The other newbies are freshmen. 6’10” redshirt Nick Harris has a chance to carve out immediate playing time. 6’7” power forward Jarrell Brantley was a late signee, and brings a college-ready body and winner’s mentality to the Cougar frontcourt.

The frontcourt is light on experience, which is part of the reason I think we’ll see Grant play stretches with Barry/Hulsey/Bailey at the four (expect small-ball lineups to be prominent throughout the CAA all season).

While it’s difficult to predict how the rotation will shake out, it’s abundantly clear that this team is in desperate need of some bucket getters. Grant comes from a defensively strong Clemson program (Brad Brownell, y’all), but isn’t in position to sit a player who can provide instant offense.

So if Riller can come in and fill it up on Day One, he’ll play.

Grant has a revamped roster, and the benefit of coaching his guys up over the offseason. The team defense should make a jump, and with a little regression to the mean (KenPom’s 26th unluckiest team had 13 single-digit losses), it’s easy to see where this team can make strides. With just one senior on the roster, this year is about bettering the team for a ’16-’17 season in which it could make noise.

Despite the roster upheaval, it would be optimistic peg this team higher than about eighth place in the 10-team CAA. Still, it’s a fresh rotation with dudes who don’t know their limitations together. They will be a pain to play, and have enough talent to beat any team in the league when the shots are falling.

At the very least, this team should be competitive enough to get King Kresse writing again.

Husky Magic

You know about The Great Wall in front of Northeastern. Any team that downs Larrañaga, Duke, and North Carolina in consecutive days is special, and Notre Dame is no exception. And while Northeastern’s task will be extremely trying, the Huskies can make things interesting if they play just their game. 14 seeds win these games 15% of the time, a stat that’s been affirmed three times in the past five years.

Here’s what we know about Notre Dame: Mike Brey’s team boasts one of the nation’s most explosive offenses. The Fighting Irish scores 1.22 points per possession, trailing only Wisconsin in adjusted offensive efficiency. The staples of this excellence come in the form of a nation-leading 58.6% effective field goal percentage and a 14.4% turnover rate, good for third in D-I. Notre Dame is 18-0 when scoring at least 1.18 points per possession.

Now, the roll call.

Senior Jerian Grant spearheads the offense. The All-American guard has rebounded from a season curtailed by academic shortcomings to average 16.8 points and 6.6 assists per game. He’s a big strong guard who’s an absolute force in the lane. Pat Connaughton, Demetrius Jackson, Steve Vasturia, and V.J. Beachem can absolutely stroke it from three, with the first pair scoring over 11 points per game.

Zach Auguste is Notre Dame’s skillfully efficient center, and if you watched any Notre Dame games over the last three weeks, you’re probably familiar with the undersized big man frosh Bonzie Colson. 

This is the part where I tell you how I think Northeastern can keep pace with the Irish.

Notre Dame is largely average defensively, and such disparities between offense and defense can be a death sentence in March. The Irish do a decent job defending the three-point line. Last Friday, the Irish let Jahlil Okafor do whatever he wanted in the paint, but refused to relinquish open outside shots to Quinn, Tyus, and Co.

Northeastern doesn’t have any future NBA Lotto picks, but I’d expect Mike Brey to once again sell out to guard the perimeter against a Northeastern team that’s shot 38.8% (24th in D-I) from three this season.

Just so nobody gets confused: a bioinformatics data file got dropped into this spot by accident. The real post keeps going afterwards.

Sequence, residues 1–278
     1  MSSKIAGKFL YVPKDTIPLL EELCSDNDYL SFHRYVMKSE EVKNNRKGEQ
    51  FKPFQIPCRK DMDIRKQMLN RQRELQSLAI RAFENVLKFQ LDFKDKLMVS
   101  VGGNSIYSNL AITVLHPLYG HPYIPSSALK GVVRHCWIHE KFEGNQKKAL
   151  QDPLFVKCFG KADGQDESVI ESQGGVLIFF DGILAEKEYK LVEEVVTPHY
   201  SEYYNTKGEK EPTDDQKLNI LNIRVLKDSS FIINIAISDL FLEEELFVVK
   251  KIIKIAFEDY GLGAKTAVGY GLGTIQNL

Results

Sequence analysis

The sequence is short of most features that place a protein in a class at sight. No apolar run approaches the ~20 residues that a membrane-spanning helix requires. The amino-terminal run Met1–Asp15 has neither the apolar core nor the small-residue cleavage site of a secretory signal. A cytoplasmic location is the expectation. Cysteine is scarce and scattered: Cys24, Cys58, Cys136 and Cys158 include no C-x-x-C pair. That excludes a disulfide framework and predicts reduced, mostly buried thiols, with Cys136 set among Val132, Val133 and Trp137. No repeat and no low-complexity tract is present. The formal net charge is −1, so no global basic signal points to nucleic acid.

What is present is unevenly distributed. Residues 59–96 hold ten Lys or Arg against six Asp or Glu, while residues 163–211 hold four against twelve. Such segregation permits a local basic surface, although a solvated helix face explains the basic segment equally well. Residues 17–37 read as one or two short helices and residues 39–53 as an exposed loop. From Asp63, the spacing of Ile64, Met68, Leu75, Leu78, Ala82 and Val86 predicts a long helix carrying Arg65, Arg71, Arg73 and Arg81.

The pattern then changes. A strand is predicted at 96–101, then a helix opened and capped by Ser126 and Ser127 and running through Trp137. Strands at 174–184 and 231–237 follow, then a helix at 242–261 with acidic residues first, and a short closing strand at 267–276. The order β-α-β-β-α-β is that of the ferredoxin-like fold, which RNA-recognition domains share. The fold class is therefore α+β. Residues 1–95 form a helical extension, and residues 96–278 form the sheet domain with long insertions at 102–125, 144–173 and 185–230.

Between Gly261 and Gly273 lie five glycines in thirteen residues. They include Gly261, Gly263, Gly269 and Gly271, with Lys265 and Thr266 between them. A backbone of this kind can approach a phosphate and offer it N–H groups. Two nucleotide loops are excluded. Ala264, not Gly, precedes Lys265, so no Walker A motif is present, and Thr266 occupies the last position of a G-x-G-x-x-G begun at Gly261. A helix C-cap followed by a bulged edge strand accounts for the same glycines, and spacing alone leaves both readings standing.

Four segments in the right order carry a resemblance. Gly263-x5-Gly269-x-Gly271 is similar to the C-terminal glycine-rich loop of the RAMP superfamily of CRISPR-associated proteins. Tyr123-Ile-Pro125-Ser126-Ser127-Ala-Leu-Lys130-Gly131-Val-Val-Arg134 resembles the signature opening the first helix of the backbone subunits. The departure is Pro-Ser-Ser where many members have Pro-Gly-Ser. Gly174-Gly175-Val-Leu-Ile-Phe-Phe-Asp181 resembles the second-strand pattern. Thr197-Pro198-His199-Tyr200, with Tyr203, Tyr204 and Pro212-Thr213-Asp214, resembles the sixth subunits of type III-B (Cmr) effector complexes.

So I’m thinking this will be a Reggie Spencer game, because Northeastern needs to attack the heart of a Notre Dame defense that frequently plays small lineups featuring the 6’5” Connaughton at the four. Perhaps if Northeastern’s bigs can get things flowing towards the hoop, they can get a few early fouls on Auguste, and get into a shallow Notre Dame bench.

I say a shallow Notre Dame bench because (like Northeastern) Notre Dame is bottom five in D-I in percentage of minutes played by bench players. Okay, so we might need to send Lucas Goodwin to a data center to find what Litos wrote about the (in)significance of that same subject once upon a time. And given how good Vasturia is and how well Colson has played, you could say Notre Dame has an advantage here.

But we saw how well Spencer, Caleb Donnelly, and Devon Begley played in Baltimore. If that trio can carry some of that success to Pittsburgh, Northeastern might have an advantage here.

To summarize: I want to see Northeastern attacking the lane, crashing the boards, and forcing Mike Brey to rely on his depth-less frontcourt. These things are all much easier said than done — many have tried and failed this season. There’s a reason the Fighting Irish is 29-5.

But Bill Coen has dragged this team on holiday roadies to New Orleans, San Juan, and California over the past 18 months, and it’s all been in preparation for this exact moment. The game won’t be too big for a Northeastern squad playing with house money.

And for a Notre Dame program that’s only won two Tournament games since a 2003 Sweet 16 run, there’s a bit of pressure to perform.

Can the CAA force another high-powered Notre Dame team into the wrong side of a rockfight like it did in 2010?

The head and the heart disagree, but you’ve got to keep the faith.

Northeastern 70, Notre Dame 68

NU Territory

I spent the first few moments of the CAA Championship sitting in traffic. It’s not uncommon for me to miss the beginning of 7:00 games, as I routinely find myself stuck in the I-66/Route 7 merge around that time.

But this past Monday’s commute was more enjoyable than most. After Chad Dukes instructed listening ears to roll out the trashcans, the Westwood One broadcast switched to a certain Baltimore venue that I had visited less than 24 hours before. Suddenly, I wasn’t so worried about being stuck in traffic.